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MILAN — When Pineider, the historic Italian paper and pen company, asked Rebecca Moses to create a lifestyle collection for the centuries-old brand, the designer wanted to do much more than just flatware and cashmere throws. She wanted to translate the art of writing into the art of living, and she succeeded this week when the new Pineider flagship was unveiled here.
This story first appeared in the October 2, 2002 issue of WWD. Subscribe Today.
In a little less than three months, Moses converted the store into an eclectic, airy boutique than seems more like an elegant town house than a retail space. Every floor is done up as though a family — albeit a very chic family — lived there. “We wanted to create little rooms, little niches, where people could come and touch and really feel the products,” Moses said during a walk-through of the store on the Via Manzoni.
Feel you will. There are some 500 products, such as leather-bound photo albums trimmed in guinea feathers, burled wood boxes, wicker and leather baskets, leather bucket bags with contrast trim and hand-etched glass vases. The store offers a bit of everything and everything in it is for sale, including the furniture. “This wasn’t about fashion,” said Moses, who has become a darling among retailers for her colorful knits. “It’s broad scope. I wanted to preserve the tradition of Pineider but move it forward and make it modern.”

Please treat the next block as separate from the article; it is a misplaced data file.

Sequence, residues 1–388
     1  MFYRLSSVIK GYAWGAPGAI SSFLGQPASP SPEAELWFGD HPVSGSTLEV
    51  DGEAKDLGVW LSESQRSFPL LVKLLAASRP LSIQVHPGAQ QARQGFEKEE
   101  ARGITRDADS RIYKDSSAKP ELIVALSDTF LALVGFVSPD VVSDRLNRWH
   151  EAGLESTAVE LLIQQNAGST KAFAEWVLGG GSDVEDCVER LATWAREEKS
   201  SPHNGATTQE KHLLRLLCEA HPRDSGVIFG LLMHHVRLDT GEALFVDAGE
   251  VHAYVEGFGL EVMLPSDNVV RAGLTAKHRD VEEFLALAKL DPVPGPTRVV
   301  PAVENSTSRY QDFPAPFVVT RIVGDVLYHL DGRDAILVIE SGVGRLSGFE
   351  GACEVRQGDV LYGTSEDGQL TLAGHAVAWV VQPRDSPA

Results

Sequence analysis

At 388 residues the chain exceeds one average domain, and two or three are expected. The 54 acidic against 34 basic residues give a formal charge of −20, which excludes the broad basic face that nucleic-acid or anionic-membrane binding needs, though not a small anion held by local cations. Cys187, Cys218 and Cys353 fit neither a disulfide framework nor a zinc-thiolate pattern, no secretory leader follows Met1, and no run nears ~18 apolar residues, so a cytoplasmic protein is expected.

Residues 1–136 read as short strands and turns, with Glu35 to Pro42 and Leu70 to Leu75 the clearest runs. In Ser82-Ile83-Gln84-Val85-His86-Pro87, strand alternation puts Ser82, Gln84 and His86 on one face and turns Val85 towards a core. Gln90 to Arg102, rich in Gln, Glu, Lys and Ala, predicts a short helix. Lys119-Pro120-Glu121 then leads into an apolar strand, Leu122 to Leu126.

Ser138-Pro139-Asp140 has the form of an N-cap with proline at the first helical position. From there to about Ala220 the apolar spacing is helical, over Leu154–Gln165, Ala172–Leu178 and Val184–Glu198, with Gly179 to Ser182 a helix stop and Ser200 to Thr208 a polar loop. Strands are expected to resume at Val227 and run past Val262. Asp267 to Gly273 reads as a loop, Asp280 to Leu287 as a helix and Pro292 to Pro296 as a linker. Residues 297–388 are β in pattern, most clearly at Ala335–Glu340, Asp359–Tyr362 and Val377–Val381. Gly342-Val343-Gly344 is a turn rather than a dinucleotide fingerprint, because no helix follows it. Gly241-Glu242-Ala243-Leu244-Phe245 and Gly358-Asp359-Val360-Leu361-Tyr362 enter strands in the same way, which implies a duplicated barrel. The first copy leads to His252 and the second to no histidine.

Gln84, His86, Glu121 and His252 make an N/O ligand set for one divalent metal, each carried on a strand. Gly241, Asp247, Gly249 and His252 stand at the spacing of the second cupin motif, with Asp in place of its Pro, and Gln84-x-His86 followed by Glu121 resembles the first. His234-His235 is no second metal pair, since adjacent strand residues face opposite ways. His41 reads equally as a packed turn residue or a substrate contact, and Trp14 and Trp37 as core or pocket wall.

Moses worked with architect Luca Piatti to render what she called a “very human space” that’s part Art Deco and part English country. From the window displays — a woman in a white-paper wedding dress and a man writing at a desk — to the third-floor men’s bedroom, the store subtly connects Pineider’s precious papers to Moses’ welcoming vision of life.
A winding staircase leads to the second-floor sitting-dining area, decorated with light green, velvet tufted slipper chairs and a white-washed wood table. Colorful glass snifters, seashell topiaries and vintage lithographs complete the room. Off the corner is the woman’s boudoir, replete with a mirrored vanity table, pink velvet chaise longue and leather and feather slippers. You could just see Marlene Dietrich stretched out there sipping champagne.
The Milan store is the first in a series of rollouts of Pineider’s new retail concept. Openings are slated in Florence and Turin later this month, and on October 26, Moses will make a personal appearance at Bergdorf Goodman in New York to officially launch the home collection.
Moses has a five-year contract with Pineider’s parent company, the Hopa Group, but industry sources say Hopa is looking to make the relationship permanent. A source close to Moses said Hopa is in talks to buy Moses’ eponymous company. The designer owns 49 percent of it, and the Italian manufacturer Herno owns the remainder.